Engaging stories that highlight extraordinary moments in the lives of ordinary people.


Debut author Mitchell offers a collection of seven Arkansas-based tales that explore the somber sides of marriage, familial relationships, and everyday life.

In the opening story, “Animal Lovers,” a woman named Dee insists on taking custody of the dogs, Ralph and Mickey, when she divorces her husband, Carter. But when the canines’ behavioral issues escalate, she thinks that she might be better off without them, after all. Mitchell’s book is filled with characters relentlessly finding flaws in themselves and others—including flaws that aren’t there. For example, Tonya in “Pyramid Schemes” is certain that her spouse, Randy, disapproves of her weight, although he’s given no indication of that. Likewise, in “Retreat,” Layton suspects that his co-worker Gary is one of the three baseball-bat–wielding assailants who beat him in a dark parking lot months before, though he has no proof of this. These imperfect characters are continually intriguing, as is the conflicted protagonist who robs a bank in “This Trailer is Free,” who’s unquestionably sympathetic. However, these stories aren’t entirely humorless. High schooler Libby, for instance, narrates “Not from Here” in a delightfully blunt voice; regarding Ronnie, a bus driver she befriends, she notes, “I think sometimes that he might make a good husband, but I’m not in love with him and I don’t expect I will be.” The author’s stark writing style examines details with an unflinching eye, much as the characters do, and the occasional moments of violence are haunting. The stories are linked not only by their common location, but also by recurring players, which allows for unexpected, additional character development. For instance, Dee returns in “Retreat,” which further delves into a relationship that was mentioned in her earlier tale.

Engaging stories that highlight extraordinary moments in the lives of ordinary people.

Pub Date: Oct. 10, 2018

ISBN: 978-0-9988014-6-9

Page Count: 190

Publisher: WTAW Press

Review Posted Online: Sept. 17, 2018

Kirkus Reviews Issue: Nov. 15, 2018

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It's being called a novel, but it is more a hybrid: short-stories/essays/confessions about the Vietnam War—the subject that O'Brien reasonably comes back to with every book. Some of these stories/memoirs are very good in their starkness and factualness: the title piece, about what a foot soldier actually has on him (weights included) at any given time, lends a palpability that makes the emotional freight (fear, horror, guilt) correspond superbly. Maybe the most moving piece here is "On The Rainy River," about a draftee's ambivalence about going, and how he decided to go: "I would go to war—I would kill and maybe die—because I was embarrassed not to." But so much else is so structurally coy that real effects are muted and disadvantaged: O'Brien is writing a book more about earnestness than about war, and the peekaboos of this isn't really me but of course it truly is serve no true purpose. They make this an annoyingly arty book, hiding more than not behind Hemingwayesque time-signatures and puerile repetitions about war (and memory and everything else, for that matter) being hell and heaven both. A disappointment.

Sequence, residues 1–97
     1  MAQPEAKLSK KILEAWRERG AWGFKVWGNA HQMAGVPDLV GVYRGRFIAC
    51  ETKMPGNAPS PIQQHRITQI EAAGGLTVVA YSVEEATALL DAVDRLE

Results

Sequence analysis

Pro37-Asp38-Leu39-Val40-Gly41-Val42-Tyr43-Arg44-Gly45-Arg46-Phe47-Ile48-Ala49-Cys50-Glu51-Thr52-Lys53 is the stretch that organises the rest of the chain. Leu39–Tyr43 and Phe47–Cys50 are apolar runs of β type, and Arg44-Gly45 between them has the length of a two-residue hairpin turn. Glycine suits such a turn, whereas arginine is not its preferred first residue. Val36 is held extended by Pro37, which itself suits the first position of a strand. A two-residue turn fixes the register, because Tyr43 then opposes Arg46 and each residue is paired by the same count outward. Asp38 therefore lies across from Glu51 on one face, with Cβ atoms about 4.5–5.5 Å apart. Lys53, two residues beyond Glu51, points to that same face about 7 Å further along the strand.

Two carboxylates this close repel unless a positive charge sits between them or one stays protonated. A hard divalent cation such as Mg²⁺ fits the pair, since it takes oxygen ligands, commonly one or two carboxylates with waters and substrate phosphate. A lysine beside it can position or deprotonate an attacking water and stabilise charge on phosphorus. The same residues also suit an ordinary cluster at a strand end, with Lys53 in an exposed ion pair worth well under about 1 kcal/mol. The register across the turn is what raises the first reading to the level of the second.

Pub Date: March 28, 1990

ISBN: 0618706410

Page Count: 256

Publisher: Houghton Mifflin

Review Posted Online: Oct. 2, 2011

Kirkus Reviews Issue: Feb. 15, 1990

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Old-fashioned short fiction: honest, probing and moving.


One of America’s great novelists (Lost Memory of Skin, 2011, etc.) also writes excellent stories, as his sixth collection reminds readers.

Don’t expect atmospheric mood poems or avant-garde stylistic games in these dozen tales. Banks is a traditionalist, interested in narrative and character development; his simple, flexible prose doesn’t call attention to itself as it serves those aims. The intricate, not necessarily permanent bonds of family are a central concern. The bleak, stoic “Former Marine” depicts an aging father driven to extremes because he’s too proud to admit to his adult sons that he can no longer take care of himself. In the heartbreaking title story, the death of a beloved dog signals the final rupture in a family already rent by divorce. Fraught marriages in all their variety are unsparingly scrutinized in “Christmas Party,” Big Dog” and “The Outer Banks." But as the collection moves along, interactions with strangers begin to occupy center stage. The protagonist of “The Invisible Parrot” transcends the anxieties of his hard-pressed life through an impromptu act of generosity to a junkie. A man waiting in an airport bar is the uneasy recipient of confidences about “Searching for Veronica” from a woman whose truthfulness and motives he begins to suspect, until he flees since “the only safe response is to quarantine yourself.” Lurking menace that erupts into violence features in many Banks novels, and here, it provides jarring climaxes to two otherwise solid stories, “Blue” and “The Green Door.” Yet Banks quietly conveys compassion for even the darkest of his characters. Many of them (like their author) are older, at a point in life where options narrow and the future is uncomfortably close at hand—which is why widowed Isabel’s fearless shucking of her confining past is so exhilarating in “SnowBirds,” albeit counterbalanced by her friend Jane’s bleak acceptance of her own limited prospects.

Old-fashioned short fiction: honest, probing and moving.

Pub Date: Nov. 12, 2013

ISBN: 978-0-06-185765-2

Page Count: 304

Publisher: Ecco/HarperCollins

Review Posted Online: Sept. 1, 2013

Kirkus Reviews Issue: Sept. 15, 2013

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